Barbary Crusade

Last updated
Mahdian Crusade
Part of the Crusades
Mahdia Crusade 1390.jpg
The French army disembarking in Africa, led by the duke of Bourbon, holding a shield bearing the royal arms of France (15th century miniature)
DateJuly 1 – October 1, 1390

Hafsid Victory

Crusader withdrawal
Status quo ante bellum
Kingdom of France
Republic of Genoa
Zayyanid Kingdom
Emirate of Béjaïa
Commanders and leaders
Louis II of Bourbon
Giacomo Fregoso
Ahmad II
Abu Tashufin II
6,000 knights and soldiers
60 ships
40,000 men
Casualties and losses
274 Unknown

The Barbary Crusade, also called the Mahdia Crusade, was a Franco-Genoese military expedition in 1390 that led to the siege of Mahdia, then a stronghold of the Barbary pirates in Hafsidi Ifriqiya (geographically corresponding to modern Tunisia). Froissart's Chronicles is the chief account of what was one of the last crusades.



During the lulls of the Hundred Years War knights looked for opportunities for glory and honor. [1] As Genoese ambassadors approached the French king Charles VI to subscribe to a crusade, they eagerly supported the plan to fight Muslim pirates from North Africa. These pirates had their main base at Mahdia on the Barbary coast. Genoa was ready to supply ships, supplies, 12,000 archers and 8,000 foot soldiers, if France would provide the knights. [1] The proposal by the doge Antoniotto Adorno was presented as a crusade. As such it would give prestige to its participants, a moratorium on their debts, immunity from lawsuits, and papal indulgence. [2] The French force also included some English participants and consisted of 1,500 knights under the leadership of Louis II, Duke of Bourbon.

Siege of Mahdia

A relief army reportedly 40,000 men strong was brought up by Hafsid Sultan Abu al-Abbas Ahmad II supported by the kings of Bejaia and Tlemcen (Bejaia sent it out of obligation, while Tlemcen feared that the loss of Mahdia would result in a Domino effect) camped nearby, avoided pitched battle, but started to harass the crusaders. The Crusaders had to build a wall around their camp and fortify it. The Berbers sent out a negotiating party asking why the French would attack them, they had only troubled the Genoese, a natural affair among neighbors. In answer they were told that they were unbelievers who had "crucified and put to death the son of God called Jesus Christ." The Berbers laughed saying it was the Jews not they who had done that. [2] Negotiations broke off.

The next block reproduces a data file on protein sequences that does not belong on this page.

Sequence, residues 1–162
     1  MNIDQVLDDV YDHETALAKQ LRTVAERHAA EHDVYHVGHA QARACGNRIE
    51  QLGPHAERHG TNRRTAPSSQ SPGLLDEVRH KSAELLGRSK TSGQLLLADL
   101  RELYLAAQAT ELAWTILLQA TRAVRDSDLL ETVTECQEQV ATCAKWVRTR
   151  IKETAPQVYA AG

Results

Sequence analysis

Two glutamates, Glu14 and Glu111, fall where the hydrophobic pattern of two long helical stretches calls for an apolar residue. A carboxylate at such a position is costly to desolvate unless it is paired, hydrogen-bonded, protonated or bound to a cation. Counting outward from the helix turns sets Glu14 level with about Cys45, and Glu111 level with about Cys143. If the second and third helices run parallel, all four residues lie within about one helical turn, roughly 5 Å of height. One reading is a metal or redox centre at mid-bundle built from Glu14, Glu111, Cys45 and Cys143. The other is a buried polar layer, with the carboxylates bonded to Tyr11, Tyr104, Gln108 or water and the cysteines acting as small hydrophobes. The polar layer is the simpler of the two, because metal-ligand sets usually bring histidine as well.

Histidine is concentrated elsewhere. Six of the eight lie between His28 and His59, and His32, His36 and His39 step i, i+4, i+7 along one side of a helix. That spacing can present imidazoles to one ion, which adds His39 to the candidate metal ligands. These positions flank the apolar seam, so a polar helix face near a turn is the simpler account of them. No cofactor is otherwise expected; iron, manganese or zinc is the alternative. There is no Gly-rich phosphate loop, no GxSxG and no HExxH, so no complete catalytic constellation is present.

In a subsequent encounter with the large relief army the Crusaders killed many but eventually had to retreat exhausted and tired. The duration of the siege not only frustrated them, but their logistical systems started to weaken. When a final assault on the city was repelled they were ready to settle for a treaty. On the opposing side the Berbers realized that they could not overcome the heavier armed invaders. Both sides looked for a way to end the hostilities.

The Crusaders leaving Mahdia Mahdia Crusade 02.jpg
The Crusaders leaving Mahdia

Lifting the siege

The siege was lifted with the conclusion of a treaty negotiated through the Genoese party. The treaty stipulated a ten-year armistice. By mid-October the Crusaders had returned to Genoa. Losses due to the fighting and disease amounted to 274 knights and squires. [2]


Both sides celebrated victory. The Berbers had repelled the invaders, and the Genoese could conduct trade with less interference. The French knights had no tangible goals but had participated for action and glory. They failed to learn any lessons from a "chivalric adventure with religious overlay". [2] Their mistakes of unfamiliarity with the environment, lack of heavy siege equipment, underestimation of the enemy, and internal quarrels were repeated six years later on a grander scale in their fatal last crusade at Nicopolis. [1] [2]

Notable participants

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  1. 1 2 3 Rainer Lanz. "Ritterideal und Kriegsrealität im Spätmittelalter. Das Herzogtum Burgund und Frankreich" (PDF) (in German). Dissertation, University Zurich pp. 171–187. Archived from the original (PDF) on 2007-07-30.accessed 07-10-08
  2. 1 2 3 4 5 Barbara Tuchman. A Distant Mirror . Alfred A. Knopf, New York, 1978 pp. 462–77.

Further reading

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